The firm says it helped raise $150 million for clients in the 2018 election cycle, according to the Post, “collecting $35 million for its services from political committees during the past two years.” But it charged clients a commission of 15% for funds raised online, “much higher than the industry standard of 7 to 10%.”
Mothership’s payroll rose from a staff of 40 in January 2017 to 100 by December 2018, while its three founders — one is only 25 and the others are in their early 30s — “purchased homes worth more than $1 million each in snazzy Washington neighborhoods.”
Then, on the other side of the ideological spectrum, there’s the Conservative Majority Fund. The group “has raised nearly $10 million since mid-2013,” ProPublica reports, “primarily from thousands of steadfast contributors to conservative causes, many of them senior citizens.”
But it made just $48,400 in political contributions. Much of the money appears to have gone to the fundraisers themselves, giving rise to a new term of abuse, “scam PACs — organizations that take advantage of loosened campaign finance laws to reap windfalls for insiders while directing only a small portion of receipts to actual political advocacy.”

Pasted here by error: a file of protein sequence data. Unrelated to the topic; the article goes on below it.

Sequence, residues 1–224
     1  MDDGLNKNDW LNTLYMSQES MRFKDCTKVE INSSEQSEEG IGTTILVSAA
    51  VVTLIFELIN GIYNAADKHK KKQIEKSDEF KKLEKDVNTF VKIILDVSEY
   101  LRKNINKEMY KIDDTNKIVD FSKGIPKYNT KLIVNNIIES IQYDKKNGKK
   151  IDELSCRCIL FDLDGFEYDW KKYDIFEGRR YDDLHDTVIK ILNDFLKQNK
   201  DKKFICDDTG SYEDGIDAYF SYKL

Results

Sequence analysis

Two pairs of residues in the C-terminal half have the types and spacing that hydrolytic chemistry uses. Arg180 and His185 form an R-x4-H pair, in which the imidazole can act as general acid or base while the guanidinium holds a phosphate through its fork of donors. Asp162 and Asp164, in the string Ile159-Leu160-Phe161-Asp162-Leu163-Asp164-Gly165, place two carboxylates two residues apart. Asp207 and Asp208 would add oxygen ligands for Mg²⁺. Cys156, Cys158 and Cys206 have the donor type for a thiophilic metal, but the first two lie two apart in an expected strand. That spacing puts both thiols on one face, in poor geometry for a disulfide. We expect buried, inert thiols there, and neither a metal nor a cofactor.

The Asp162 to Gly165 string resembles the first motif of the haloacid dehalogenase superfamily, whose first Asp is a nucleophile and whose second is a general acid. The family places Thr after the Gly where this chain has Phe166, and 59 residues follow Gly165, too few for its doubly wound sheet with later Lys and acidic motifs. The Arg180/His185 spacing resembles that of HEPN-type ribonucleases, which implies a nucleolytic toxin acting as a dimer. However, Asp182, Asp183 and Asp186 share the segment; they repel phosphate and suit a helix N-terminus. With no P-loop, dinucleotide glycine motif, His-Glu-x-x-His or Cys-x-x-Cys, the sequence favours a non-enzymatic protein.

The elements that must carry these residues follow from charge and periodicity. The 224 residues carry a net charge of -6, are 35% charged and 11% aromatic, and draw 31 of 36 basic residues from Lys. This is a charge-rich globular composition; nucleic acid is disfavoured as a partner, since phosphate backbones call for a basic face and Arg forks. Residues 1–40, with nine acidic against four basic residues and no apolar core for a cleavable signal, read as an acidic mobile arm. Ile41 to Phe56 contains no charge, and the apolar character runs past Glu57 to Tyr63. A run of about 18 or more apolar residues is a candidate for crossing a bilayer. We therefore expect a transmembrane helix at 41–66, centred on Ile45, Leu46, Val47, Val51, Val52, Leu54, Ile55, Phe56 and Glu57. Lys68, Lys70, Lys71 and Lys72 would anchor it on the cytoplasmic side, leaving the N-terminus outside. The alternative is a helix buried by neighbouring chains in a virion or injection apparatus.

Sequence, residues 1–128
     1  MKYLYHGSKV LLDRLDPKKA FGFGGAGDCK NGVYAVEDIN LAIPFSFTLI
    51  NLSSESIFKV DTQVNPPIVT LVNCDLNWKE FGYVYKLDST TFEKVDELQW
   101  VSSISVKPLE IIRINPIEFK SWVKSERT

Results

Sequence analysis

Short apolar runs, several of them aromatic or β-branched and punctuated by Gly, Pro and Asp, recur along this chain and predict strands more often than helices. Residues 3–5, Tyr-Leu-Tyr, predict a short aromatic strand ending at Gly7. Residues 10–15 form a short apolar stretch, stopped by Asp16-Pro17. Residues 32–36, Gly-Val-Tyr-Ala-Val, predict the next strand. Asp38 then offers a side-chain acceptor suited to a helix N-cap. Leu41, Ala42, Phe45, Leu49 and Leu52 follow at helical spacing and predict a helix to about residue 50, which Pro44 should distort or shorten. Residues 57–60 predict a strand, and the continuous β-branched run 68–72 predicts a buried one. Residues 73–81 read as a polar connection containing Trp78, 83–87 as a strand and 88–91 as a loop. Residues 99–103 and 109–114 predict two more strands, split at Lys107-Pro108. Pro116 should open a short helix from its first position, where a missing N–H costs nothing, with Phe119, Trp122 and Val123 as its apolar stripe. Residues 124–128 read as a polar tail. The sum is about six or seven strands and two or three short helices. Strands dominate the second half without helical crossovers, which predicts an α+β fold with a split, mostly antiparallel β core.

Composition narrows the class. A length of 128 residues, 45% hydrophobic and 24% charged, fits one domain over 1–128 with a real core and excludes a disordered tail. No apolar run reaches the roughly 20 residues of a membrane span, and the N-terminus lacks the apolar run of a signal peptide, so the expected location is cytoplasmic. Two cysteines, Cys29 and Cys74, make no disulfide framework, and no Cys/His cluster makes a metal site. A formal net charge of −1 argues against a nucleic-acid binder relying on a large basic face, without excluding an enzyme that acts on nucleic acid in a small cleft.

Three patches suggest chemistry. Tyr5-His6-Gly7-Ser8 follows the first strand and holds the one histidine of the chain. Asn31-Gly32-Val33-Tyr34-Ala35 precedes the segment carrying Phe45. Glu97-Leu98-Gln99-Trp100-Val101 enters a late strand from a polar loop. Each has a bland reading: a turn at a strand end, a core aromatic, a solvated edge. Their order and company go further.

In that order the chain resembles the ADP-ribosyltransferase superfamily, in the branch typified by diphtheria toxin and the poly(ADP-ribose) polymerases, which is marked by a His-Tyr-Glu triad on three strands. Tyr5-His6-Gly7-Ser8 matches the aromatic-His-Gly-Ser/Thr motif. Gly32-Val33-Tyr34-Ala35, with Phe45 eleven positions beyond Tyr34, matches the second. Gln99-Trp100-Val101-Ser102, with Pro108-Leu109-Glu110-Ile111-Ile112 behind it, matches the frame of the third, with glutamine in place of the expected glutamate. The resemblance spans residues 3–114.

Conservative groups figured out how to raise large sums from small donations back in the 1970s, with the rise of direct mail, a technique since superseded by online fundraising. Many of these operations gave relatively small percentages to candidates, though a case can be made that such ideologically driven groups were designed for more than bankrolling political campaigns. The same might be said, in all fairness, to groups like Dworkin’s Democratic Coalition.
“In the 1970s, when Richard Viguerie and other fundraisers used direct mail to raise money, they were on the far end of the political spectrum, so maybe there were only a handful of candidates they wanted to give money to,” says Robert G. Boatright, chair of the political science department at Clark University.
Other Forms of Advocacy